Nova Scotia

Former head of Colchester RCMP testifies at mass shooting public inquiry

As a protest happened Thursday by some family members of the victims of the Portapique mass killing, a retired Mountie who in April 2020 was in charge of the RCMP detachment in Bible Hill, N.S., testified about efforts to seal off the small community where a gunman was killing neighbours.

Staff Sgt. Al Carroll, now retired, was district commander of RCMP in Bible Hill

Staff Sgt. Al Carroll is testifying via Zoom. In April 2020 he was the district commander of the RCMP detachment in Bible Hill, N.S. (CBC)

As a protest happened Thursday by some family members of the victims of the Portapique mass killing, a retired Mountie who in April 2020 was in charge of the RCMP detachment in Bible Hill, N.S., testified about efforts to seal off the small community where a gunman was killing neighbours.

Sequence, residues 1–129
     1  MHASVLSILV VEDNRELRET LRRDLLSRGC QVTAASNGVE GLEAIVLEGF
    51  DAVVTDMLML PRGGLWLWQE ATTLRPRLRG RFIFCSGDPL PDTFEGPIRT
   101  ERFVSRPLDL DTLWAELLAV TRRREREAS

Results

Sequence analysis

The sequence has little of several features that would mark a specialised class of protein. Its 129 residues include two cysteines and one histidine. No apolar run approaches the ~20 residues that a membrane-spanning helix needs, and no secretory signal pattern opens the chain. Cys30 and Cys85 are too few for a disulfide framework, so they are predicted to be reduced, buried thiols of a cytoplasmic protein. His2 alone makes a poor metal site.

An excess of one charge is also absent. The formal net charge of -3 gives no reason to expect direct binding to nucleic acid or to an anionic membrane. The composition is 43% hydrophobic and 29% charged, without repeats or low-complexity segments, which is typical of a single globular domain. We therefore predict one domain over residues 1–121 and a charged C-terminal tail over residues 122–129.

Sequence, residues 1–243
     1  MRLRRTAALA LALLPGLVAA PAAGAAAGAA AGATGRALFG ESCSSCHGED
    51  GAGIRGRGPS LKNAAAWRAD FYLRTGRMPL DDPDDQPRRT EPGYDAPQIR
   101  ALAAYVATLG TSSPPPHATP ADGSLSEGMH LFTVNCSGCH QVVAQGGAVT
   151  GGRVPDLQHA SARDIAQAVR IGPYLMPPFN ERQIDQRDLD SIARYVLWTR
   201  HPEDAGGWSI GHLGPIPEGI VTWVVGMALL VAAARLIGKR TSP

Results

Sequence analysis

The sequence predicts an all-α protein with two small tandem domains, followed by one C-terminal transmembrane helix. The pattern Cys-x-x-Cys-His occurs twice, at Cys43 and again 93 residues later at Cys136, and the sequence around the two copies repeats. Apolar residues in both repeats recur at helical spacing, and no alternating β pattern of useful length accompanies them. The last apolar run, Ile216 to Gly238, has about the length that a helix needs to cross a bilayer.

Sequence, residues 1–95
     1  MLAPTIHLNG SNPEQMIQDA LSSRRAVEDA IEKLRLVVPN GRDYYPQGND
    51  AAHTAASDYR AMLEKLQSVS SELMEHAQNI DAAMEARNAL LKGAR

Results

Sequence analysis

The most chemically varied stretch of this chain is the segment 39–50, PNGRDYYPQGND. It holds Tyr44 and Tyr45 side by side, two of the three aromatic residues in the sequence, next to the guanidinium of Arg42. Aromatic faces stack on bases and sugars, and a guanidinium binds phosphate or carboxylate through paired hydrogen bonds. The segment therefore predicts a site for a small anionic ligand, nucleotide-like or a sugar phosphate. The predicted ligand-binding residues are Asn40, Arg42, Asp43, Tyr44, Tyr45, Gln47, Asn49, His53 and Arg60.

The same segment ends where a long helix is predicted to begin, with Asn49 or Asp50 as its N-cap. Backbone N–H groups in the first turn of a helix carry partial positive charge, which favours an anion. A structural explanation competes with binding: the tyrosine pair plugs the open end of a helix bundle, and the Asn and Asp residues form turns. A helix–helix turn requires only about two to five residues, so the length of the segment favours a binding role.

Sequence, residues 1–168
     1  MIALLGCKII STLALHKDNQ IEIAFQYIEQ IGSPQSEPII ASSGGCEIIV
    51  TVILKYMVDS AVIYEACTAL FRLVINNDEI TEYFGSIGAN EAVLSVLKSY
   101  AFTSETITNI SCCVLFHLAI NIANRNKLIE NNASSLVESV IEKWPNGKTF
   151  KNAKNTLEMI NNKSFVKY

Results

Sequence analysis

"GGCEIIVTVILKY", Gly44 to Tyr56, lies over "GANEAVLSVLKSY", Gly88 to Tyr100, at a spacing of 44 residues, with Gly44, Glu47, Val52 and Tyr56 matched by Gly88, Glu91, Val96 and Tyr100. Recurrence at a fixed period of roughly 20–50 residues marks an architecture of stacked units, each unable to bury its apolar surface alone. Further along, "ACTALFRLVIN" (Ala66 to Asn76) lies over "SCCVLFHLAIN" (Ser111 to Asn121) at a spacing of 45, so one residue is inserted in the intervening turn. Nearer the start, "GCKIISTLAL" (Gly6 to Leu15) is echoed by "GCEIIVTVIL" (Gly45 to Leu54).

Staff Sgt. Al Carroll first found out about a situation in Portapique, N.S., when his son, who was also a police officer, called him at home to give him a heads up.

At that time, Const. Jordan Carroll was working in Cumberland County and helped block off part of Highway 2 west of the entrance to the subdivision where the violence started. 

That evening, a gunman attacked neighbours, killing 13 people before driving away in a decommissioned police car he'd designed to look like an actual RCMP cruiser. The following morning Gabriel Wortman killed nine more people: acquaintances and strangers, including a pregnant woman and an RCMP officer. 

The senior Carroll answered questions Thursday via Zoom after the commission overseeing the public inquiry granted an accommodation. In its decision, the commission didn't explain the exact reasons for the him appearing virtually, but said it considers private health information.

The National Police Federation and Canada's attorney general had requested that Carroll appear in person, but said he should only answer questions posed by the inquiry's lawyers. 

The commission decided he will still have to answer questions posed by lawyers for families of the victims, though some are boycotting proceedings in response to the decision that two other senior officers will be allowed to testify in pre-recorded sessions and won't face any cross-examination.